My children, my family, hell, friends and people I know, all come away with similar thoughts about me. I’m strange. And you know what? I am. To paraphrase Cameo, I’m strange and I like it. I wouldn’t live this life any other way. I’m cool with my strangeness. I embrace my strangeness. I stand in awe of my strangeness. My strangeness is my defining way of knowing I was cut from a different cloth. There are no other cookie cutters that look like my cookie cutter. YOU should be doing everything you can to make sure yours isn’t a duplicate, too.
My strangeness was something my mother disliked, yet respected at the same time. She knew I’d plow through whatever, come hell or high water. Let me state for the record, my journey to womanhood was filled with moments of rebellion, not of the “kiss my ass, bitch” type, but of the “I’ve set my mind to it, and I’m doing it” kind, because I refused to be set in a mold of somebody else’s making. I understood later down the line that my mother had a lot of fears—some valid, some not. But I also realized that her fears were her fears, and that I couldn’t take them, pack them in my bag and carry them with me, because they were a creation of hers, not mine. Whenever my own fears began to kick around in my bag, I’d toss it to the ground and step on them. That’s how I’ve always confronted my fears. Head on.
As a teenager, I gave birth to my first child. There was no need to tell me that finishing school was still important. I’d never conceived of anything else. I became an honor roll student with a baby. I still did that. I not only did that, but I did a part-time job and then college. When college didn’t work for me, and the job opportunities went to hell in my small town, I joined the military. I gained much in the way of experiences and how other parts of the world live, but I lost a lot, too. My older two children can probably attest to that. BUT had it not been for those experiences, THEY would not have had the experiences they had. They more than likely would not have had the close ties to their grandmother they enjoyed, without the apprehension and reality of poverty interwoven. So many things would have been different. It can’t help but be, if you don’t do the things the same way you did them. That’s why when I hear people saying they’d like a do-over, I can’t fully grasp that. Kanye, as off as he comes across in his own strangeness, was right when he stated “Everything I’m not, made me everything I am.” I’ve done great things in my life, and in the same dimming light, I did silly things. I have no regrets about anything I did or did not do. That’s part of accepting your strange.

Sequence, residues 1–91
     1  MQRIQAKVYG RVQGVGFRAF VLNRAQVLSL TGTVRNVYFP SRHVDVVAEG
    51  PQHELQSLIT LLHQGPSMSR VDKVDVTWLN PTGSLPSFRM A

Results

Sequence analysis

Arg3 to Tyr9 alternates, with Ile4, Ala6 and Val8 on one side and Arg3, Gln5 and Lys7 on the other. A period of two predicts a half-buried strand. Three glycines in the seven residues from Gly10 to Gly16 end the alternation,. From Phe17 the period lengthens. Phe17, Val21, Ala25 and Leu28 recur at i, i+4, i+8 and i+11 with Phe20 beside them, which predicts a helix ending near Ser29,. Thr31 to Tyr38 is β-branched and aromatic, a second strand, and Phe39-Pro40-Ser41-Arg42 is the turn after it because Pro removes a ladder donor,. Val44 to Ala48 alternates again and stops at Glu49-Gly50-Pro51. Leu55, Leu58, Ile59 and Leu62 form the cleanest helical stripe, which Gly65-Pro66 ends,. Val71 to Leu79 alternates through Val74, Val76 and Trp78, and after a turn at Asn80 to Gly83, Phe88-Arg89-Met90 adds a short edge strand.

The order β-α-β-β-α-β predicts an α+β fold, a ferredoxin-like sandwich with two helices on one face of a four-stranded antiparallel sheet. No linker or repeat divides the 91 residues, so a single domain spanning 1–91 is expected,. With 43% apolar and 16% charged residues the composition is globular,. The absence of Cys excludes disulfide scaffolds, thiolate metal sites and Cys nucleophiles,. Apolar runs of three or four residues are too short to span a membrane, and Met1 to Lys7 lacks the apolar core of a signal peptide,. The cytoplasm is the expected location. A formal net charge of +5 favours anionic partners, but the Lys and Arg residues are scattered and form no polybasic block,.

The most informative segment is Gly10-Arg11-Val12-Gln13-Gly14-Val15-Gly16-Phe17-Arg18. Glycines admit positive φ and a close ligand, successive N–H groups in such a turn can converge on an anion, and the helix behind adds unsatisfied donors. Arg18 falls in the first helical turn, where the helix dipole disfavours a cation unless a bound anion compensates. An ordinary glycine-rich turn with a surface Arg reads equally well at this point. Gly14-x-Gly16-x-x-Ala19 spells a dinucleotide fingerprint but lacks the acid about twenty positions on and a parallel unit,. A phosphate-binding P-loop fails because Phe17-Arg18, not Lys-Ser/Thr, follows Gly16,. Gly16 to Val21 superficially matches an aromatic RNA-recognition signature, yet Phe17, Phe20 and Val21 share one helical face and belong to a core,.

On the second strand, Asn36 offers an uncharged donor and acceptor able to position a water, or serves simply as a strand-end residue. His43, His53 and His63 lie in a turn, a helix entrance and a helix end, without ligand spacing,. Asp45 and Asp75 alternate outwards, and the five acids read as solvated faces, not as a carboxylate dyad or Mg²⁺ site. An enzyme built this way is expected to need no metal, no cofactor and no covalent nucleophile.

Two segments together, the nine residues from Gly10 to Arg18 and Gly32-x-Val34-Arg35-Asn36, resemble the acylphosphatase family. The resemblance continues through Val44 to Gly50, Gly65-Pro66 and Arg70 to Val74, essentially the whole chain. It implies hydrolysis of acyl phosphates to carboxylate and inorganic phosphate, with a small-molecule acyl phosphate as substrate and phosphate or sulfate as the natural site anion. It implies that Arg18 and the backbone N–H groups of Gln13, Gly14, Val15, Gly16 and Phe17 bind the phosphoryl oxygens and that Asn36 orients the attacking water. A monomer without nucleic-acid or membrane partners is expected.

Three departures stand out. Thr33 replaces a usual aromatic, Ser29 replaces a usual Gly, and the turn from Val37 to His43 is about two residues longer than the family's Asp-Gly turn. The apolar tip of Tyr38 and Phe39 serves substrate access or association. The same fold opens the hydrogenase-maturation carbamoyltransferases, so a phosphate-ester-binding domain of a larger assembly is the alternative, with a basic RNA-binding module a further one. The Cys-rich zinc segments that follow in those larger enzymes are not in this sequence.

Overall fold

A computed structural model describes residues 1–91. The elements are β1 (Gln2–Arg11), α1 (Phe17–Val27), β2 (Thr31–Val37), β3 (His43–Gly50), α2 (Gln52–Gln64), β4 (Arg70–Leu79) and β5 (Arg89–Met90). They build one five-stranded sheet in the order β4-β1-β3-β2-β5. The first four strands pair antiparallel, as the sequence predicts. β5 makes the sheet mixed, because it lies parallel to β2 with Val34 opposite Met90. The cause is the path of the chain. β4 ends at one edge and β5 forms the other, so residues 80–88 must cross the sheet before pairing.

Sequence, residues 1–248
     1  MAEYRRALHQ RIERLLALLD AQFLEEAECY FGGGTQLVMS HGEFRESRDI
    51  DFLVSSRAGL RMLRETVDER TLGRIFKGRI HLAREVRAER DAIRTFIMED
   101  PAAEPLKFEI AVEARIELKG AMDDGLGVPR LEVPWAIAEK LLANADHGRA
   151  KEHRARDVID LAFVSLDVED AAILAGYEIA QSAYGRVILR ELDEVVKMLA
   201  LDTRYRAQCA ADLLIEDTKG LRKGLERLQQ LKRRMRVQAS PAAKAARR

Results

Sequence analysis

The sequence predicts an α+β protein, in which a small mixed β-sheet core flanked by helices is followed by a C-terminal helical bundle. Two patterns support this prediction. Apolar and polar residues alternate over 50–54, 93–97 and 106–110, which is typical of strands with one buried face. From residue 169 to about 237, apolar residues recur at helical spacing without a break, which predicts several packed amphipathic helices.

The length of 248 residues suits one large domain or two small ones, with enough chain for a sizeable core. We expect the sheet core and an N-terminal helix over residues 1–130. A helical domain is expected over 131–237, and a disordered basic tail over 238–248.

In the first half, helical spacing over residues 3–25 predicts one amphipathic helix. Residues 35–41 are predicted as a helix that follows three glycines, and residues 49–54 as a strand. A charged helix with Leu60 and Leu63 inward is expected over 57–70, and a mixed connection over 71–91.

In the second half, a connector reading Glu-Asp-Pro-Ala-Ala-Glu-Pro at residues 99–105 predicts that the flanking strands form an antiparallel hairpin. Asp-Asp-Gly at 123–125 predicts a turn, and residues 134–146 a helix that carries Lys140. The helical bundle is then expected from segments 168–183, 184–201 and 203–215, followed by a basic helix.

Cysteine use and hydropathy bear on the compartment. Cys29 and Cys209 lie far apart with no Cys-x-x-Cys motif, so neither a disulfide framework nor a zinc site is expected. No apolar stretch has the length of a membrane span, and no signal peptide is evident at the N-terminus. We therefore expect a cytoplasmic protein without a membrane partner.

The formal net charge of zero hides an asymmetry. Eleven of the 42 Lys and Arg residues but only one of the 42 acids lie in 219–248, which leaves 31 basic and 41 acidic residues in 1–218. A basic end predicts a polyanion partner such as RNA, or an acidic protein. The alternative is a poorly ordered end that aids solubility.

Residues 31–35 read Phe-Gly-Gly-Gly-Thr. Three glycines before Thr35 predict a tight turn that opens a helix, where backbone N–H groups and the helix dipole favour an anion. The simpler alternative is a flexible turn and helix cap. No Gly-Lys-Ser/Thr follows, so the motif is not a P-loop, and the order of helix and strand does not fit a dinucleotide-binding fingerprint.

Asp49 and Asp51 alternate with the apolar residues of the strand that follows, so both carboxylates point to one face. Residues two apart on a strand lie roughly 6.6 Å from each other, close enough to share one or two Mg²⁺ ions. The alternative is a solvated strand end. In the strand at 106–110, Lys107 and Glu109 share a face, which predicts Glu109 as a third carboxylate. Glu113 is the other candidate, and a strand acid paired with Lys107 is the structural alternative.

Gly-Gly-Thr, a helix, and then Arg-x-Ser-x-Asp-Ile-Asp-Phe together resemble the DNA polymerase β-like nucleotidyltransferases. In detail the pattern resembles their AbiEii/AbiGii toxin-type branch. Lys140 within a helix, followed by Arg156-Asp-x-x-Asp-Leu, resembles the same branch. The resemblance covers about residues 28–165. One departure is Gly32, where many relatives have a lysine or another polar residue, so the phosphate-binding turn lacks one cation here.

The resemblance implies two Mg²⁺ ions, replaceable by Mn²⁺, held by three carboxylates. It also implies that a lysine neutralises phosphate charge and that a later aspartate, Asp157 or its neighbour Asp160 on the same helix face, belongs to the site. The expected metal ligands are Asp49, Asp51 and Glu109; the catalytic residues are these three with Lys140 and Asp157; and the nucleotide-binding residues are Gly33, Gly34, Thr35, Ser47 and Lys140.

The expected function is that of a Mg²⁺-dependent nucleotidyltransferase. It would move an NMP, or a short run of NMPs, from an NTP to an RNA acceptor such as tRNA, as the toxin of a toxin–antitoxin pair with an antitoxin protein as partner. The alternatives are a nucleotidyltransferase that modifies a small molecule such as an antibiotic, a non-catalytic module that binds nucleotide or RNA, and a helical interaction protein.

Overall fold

My strange has taken me around the world. My strange has brought about encounters with the rich, the poor and those in-between. I’ve sat down to conversations with the wise, the unwise and those, also, in-between. I’ve been the unwise. I’ve been the wise. I’ve been the in-between. The greatest value to being strange, is that you’re willing to place yourself in situations that others would immediately turn on their heels and run from. Not the strange. We run smack into it, not missing one brick, and ever grateful when bricks turn out to be mere mirages, but not caring if they happen to be real, because we’re coming for them anyway. When we’re done, they’re all doors, because windows can be too damn small for us.
Strange . . . and I like it.
Are you strange? Do you make moves when others say you shouldn’t? Are you that person, who for most of your life, have felt you’re in observation mode? Noticing everything, dabbling in the moment for a moment, but not really part of the whole reality? Do people know you, but don’t really know you? Someone once called me an interloper, and I denied any parts of it. I don’t see myself as an interloper, because my not belonging doesn’t come about due in part to me being where I’m not wanted; my not belonging, if anything, has a lot to do with my strangeness that’s difficult for others—not me—to understand. I need people, like I don’t need people. I love to be around people, like I don’t love to be around people. That’s that strangeness. The one thing you can count on with those of us who are strange . . . and we like it, is that if and when you genuinely need us to be there, we’ll fuck up a wall to get to you. Every brick will become a mirage.
How’s that for strange? Do you like it?